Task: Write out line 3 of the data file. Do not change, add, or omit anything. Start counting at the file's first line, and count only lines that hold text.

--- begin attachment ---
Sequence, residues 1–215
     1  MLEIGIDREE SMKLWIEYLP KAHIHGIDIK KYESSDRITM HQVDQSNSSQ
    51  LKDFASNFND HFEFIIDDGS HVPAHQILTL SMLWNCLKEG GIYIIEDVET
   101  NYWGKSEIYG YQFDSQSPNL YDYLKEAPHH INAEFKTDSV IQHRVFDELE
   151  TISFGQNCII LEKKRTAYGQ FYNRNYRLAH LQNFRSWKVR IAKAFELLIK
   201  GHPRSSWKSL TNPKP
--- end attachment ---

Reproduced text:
    51  LKDFASNFND HFEFIIDDGS HVPAHQILTL SMLWNCLKEG GIYIIEDVET